The song ends; Belle wipes her face on the bandana she dangles from her back pocket. James plucks the unmistakable opening notes of their oldest and biggest hit, and we’re caught in the crush. It doesn’t matter if it’s the first, tenth or hundredth time we’ve seen it, we’re all screaming for our stars.
When the encore begins, we head back upstairs for another cold one. A promoter comes into the greenroom, tells Katy they’d sold out after all. Vikas enters from the balcony and runs his notes by me until the band arrives, silent and sweaty, everyone looking for water and a place to rest.
I offer to get lost for a few minutes. Katy says no, we don’t have to go.
But I remember that I left my jacket out on the bus. Belle volunteers to take me out. She says she wants to change before the post-show signing, that she doesn’t give a shit if she misses it anyway.
So Belle and I head down the back stairs, out the stage door to the bus and we slip in before anyone recognizes her. I walk to the back to grab my jacket and she tosses me a tin of weed. “Load one up,” she says, “I’ll be right out.” I settle at the table, pack the glass vagina and wait.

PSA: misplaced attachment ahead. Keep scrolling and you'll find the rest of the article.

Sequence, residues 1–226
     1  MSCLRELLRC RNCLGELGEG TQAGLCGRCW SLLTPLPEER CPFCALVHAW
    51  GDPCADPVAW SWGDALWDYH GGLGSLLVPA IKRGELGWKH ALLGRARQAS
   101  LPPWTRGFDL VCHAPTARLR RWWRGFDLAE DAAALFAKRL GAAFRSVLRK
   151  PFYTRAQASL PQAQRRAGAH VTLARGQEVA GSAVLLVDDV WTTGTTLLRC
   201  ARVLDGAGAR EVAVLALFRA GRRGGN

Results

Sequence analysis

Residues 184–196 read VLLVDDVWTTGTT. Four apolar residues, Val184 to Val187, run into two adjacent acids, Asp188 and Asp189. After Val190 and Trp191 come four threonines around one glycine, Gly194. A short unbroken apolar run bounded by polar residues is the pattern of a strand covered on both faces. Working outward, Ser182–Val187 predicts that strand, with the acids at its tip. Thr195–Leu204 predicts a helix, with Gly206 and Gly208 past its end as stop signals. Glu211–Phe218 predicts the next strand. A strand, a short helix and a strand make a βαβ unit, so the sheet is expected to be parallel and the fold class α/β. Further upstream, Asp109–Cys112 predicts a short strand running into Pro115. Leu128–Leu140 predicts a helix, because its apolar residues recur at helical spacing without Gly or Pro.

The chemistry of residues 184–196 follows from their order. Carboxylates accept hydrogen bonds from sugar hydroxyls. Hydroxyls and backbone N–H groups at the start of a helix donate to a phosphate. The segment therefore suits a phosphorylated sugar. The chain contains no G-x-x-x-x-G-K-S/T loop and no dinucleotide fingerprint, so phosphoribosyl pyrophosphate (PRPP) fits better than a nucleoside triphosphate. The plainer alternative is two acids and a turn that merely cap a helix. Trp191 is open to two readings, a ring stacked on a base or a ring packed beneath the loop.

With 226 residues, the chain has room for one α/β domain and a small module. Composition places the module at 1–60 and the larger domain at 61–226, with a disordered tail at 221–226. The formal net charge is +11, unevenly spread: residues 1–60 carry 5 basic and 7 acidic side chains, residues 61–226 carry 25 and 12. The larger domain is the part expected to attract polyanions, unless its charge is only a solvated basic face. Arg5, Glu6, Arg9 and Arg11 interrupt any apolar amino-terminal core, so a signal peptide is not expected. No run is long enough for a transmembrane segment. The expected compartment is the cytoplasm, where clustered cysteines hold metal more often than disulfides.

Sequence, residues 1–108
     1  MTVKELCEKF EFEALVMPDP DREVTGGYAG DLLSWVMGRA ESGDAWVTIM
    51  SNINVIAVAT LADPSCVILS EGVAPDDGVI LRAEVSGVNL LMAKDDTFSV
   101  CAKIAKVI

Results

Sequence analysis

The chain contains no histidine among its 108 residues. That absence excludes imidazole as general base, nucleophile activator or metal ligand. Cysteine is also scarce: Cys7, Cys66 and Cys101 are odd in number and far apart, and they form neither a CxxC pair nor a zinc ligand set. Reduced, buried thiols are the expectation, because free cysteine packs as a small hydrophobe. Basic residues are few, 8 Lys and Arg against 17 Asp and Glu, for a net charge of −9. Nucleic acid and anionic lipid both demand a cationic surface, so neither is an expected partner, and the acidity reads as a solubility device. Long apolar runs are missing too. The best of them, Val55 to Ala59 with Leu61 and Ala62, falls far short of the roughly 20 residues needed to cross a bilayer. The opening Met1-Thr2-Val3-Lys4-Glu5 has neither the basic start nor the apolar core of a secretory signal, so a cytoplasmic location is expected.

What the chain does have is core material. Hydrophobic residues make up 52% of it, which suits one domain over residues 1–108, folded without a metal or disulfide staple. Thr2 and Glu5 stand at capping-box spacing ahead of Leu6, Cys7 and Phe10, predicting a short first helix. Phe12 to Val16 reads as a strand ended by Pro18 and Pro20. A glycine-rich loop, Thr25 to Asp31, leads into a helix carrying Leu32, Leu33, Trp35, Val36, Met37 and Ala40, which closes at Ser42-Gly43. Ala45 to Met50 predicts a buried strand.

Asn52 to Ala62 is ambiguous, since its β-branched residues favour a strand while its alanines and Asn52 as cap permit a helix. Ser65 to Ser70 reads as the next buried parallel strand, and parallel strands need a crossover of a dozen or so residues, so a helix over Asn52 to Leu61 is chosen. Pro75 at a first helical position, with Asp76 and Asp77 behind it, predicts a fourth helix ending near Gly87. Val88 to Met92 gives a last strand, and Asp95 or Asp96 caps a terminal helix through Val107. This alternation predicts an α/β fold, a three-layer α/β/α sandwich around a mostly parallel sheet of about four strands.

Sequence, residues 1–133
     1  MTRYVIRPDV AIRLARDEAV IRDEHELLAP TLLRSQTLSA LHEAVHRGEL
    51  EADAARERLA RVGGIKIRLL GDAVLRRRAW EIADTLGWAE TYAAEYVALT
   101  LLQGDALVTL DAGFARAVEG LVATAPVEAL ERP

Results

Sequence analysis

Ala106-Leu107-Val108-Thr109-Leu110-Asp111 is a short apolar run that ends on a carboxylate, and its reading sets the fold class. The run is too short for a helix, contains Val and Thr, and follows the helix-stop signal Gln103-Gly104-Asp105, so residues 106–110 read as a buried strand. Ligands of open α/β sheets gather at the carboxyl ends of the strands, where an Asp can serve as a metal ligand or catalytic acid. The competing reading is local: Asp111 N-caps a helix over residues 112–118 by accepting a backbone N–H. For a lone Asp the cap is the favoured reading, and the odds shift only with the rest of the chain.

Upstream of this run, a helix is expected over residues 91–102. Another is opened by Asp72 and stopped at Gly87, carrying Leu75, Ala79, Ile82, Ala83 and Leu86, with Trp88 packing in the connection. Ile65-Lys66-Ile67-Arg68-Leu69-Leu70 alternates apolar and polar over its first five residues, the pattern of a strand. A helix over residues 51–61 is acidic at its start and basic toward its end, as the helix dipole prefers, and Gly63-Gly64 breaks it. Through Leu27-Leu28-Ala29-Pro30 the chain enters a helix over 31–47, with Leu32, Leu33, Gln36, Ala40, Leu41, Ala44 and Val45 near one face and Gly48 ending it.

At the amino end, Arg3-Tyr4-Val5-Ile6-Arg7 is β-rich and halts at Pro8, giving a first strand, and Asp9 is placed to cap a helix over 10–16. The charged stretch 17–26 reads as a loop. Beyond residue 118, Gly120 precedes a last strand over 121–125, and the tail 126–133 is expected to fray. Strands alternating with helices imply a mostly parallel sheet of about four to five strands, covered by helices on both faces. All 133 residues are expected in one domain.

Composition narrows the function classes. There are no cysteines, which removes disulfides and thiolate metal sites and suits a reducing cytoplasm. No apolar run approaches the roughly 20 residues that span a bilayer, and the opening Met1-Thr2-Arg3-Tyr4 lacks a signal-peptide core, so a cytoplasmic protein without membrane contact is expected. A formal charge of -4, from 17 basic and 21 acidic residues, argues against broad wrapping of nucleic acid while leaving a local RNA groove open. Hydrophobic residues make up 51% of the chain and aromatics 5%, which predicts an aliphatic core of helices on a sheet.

She comes out of the bathroom and walks to the back of the bus in her towel.
And then she drops it.
“Got it ready?” She bends over me, switches on the vaporizer and fits the bud on the heat. She stands, abs, ribs, meringue-peak breasts all rising as she inhales. When she touches my face, I pull back, putting the table between us.
“Put your towel on, Belle.”
“What, this doesn’t look good to you?” And she laughs.
“Stop it. What would Katy say?”
“She’d tell me that she wanted me. She’d put her hands on me, her mouth…” Holding the vaporizer tube in one hand, the other hand running over her breast.
“Is this a joke?”
“Christ, Dar, forget it,” she says, dropping the tube and picking up the towel, walking over to an open berth, pulling out clothes. She yanks up boxers and baggy, belted jeans. “I was feeling good after the show, and I thought…”
“What did you think?”
“That you’re attracted to us. That we’re all just hanging on here. And I was thinking about Katy,” she says, topless, facing me down. I make a move to get past her and out. She grabs my arm. “Dar, wait. Hear me out.” I go back to the table.
“Look, I’m sorry,” she says. “I wouldn’t do anything to hurt Katy.”
“So what is this?”